Amgen v Apotex Upheld, Janssen v Samsung Bioepis Dropped

The past week has seen the resolution of 2 high-profile biosimilar patent infringement cases. In the first, a district court’s ruling was upheld, and in the second, a reference drug sponsor agreed to drop its infringement claims—with prejudice—against a biosimilar developer.  
The Center for Biosimilars Staff
November 14, 2017
The past week has seen the resolution of 2 high-profile biosimilar patent infringement cases. In the first, a district court’s ruling was upheld, and in the second, a reference drug sponsor agreed to drop its infringement claims—with prejudice—against a biosimilar developer.  

Amgen v Apotex
On Monday, the US Court of Appeals for the federal circuit upheld a district court verdict in Amgen v Apotex, in which the court ruled that Apotex did not infringe on Amgen’s patent 8,952,138 (the ‘138 patent), which covers a method of refolding proteins expressed in non-mammalian cells, when it developed its proposed filgrastim and pegfilgrastim biosimilars.

Big Molecule Watch reported that, in Amgen’s October appeal before 3 judges, most of the panel’s questions centered on whether patent infringement in Biologics Price Competition and Innovation Act (BPCIA) litigation can be demonstrated by relying on information in an abbreviated Biologics License Application (aBLA), as Amgen had argued, and whether Apotex should have been allowed to rely in court on arguments that the biosimilar developer had not raised in a timely fashion.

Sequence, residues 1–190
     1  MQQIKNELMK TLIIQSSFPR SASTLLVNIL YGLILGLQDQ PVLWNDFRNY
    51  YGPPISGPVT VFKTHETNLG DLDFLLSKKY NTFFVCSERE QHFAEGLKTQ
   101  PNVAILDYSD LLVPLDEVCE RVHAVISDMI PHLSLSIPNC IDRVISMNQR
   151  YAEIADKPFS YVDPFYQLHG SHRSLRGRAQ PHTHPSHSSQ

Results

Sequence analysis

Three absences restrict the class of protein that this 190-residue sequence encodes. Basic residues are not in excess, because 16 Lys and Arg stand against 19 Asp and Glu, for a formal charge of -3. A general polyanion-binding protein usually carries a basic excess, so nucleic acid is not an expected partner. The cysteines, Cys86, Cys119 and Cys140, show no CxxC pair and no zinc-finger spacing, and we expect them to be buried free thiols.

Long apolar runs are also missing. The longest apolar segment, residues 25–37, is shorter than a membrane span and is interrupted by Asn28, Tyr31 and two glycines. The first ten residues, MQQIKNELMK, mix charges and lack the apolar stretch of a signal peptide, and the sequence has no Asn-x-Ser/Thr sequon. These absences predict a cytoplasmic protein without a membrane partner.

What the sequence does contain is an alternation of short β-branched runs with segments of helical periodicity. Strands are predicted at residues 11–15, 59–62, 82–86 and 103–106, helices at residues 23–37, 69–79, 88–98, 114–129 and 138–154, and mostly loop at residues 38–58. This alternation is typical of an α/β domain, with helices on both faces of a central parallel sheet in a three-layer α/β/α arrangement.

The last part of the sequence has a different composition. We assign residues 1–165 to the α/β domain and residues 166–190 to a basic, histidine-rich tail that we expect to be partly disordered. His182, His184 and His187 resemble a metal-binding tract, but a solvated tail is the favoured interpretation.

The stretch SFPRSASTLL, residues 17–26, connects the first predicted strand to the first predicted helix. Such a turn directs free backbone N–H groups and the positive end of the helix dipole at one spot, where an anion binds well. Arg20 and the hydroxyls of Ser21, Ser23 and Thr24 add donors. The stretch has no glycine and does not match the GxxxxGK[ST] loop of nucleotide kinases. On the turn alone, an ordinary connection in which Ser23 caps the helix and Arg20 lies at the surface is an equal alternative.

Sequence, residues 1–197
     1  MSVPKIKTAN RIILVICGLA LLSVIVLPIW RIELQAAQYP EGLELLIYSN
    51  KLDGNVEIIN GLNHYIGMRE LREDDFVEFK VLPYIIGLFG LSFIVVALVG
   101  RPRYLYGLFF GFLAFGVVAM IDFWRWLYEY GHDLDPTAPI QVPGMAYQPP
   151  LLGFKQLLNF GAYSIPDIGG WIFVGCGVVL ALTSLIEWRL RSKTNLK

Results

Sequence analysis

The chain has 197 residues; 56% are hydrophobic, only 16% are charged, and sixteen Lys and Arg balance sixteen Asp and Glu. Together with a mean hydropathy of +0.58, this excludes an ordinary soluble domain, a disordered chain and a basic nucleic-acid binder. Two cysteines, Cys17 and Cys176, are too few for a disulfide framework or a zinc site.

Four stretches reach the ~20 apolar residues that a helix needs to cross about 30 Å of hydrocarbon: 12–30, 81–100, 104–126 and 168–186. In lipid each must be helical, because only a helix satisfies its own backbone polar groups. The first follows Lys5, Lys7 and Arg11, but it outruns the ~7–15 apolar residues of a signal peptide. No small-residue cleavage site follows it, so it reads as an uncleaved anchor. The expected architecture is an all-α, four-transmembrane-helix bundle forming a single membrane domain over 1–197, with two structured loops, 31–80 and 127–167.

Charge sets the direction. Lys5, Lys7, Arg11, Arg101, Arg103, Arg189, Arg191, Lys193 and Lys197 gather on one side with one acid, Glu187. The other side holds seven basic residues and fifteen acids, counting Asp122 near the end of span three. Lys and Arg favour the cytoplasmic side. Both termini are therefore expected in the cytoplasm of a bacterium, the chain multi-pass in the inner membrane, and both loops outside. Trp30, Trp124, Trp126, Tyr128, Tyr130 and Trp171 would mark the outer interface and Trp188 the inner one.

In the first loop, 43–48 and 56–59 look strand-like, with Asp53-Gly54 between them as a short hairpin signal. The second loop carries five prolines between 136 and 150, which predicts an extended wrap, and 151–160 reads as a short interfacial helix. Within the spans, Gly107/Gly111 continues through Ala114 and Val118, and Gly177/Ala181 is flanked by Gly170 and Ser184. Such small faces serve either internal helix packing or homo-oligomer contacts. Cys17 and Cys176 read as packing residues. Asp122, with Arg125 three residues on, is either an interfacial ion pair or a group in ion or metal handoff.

In the November ruling, the appellate court affirmed the court’s ruling that Amgen failed to prove direct infringement on its patents by Apotex. The court’s opinion stated that “…it was not Apotex’s burden to prove non-infringement…It was Amgen’s burden to prove that Apotex’s processes would infringe the ‘138 patent.”

Janssen v Samsung Bioepis
Johnson & Johnson division Janssen has voluntarily dropped its patent suit against biosimilar developer Samsung Bioepis in a lawsuit regarding its infliximab biosimilar, Renflexis. Janssen had filed the suit in May, claiming that Samsung Bioepis had both violated the BPCIA and infringed on 3 patents.

After the Supreme Court’s decision in Amgen v Sandoz, the district court dismissed the claims concerning the BPCIA as moot. Janssen and Samsung Bioepis continued to litigate US patents 7,598,083 and 6,900,056 (both of which cover chemically defined media) and 6,773,600 (which covers the use of a clathrate modifier to promote passage of proteins during nanofiltration).

However, on November 10, the parties filed documents to dismiss the remaining claims of patent infringement. The dismissal was filed with prejudice with respect to claims and defenses related to cell culture and downstream purification processes; thus, Janssen cannot file a future suit against Samsung Bioepis over these particular claims.

“Janssen’s withdrawal of the lawsuit marks a positive step towards improving patient access to biosimilars in the United States,” Mingi Hyun, a Samsung Bioepis spokesperson, told Reuters.

Samsung Bioepis launched Renflexis, the second FDA approved infliximab biosimilar, in the United States in July 2017.

 

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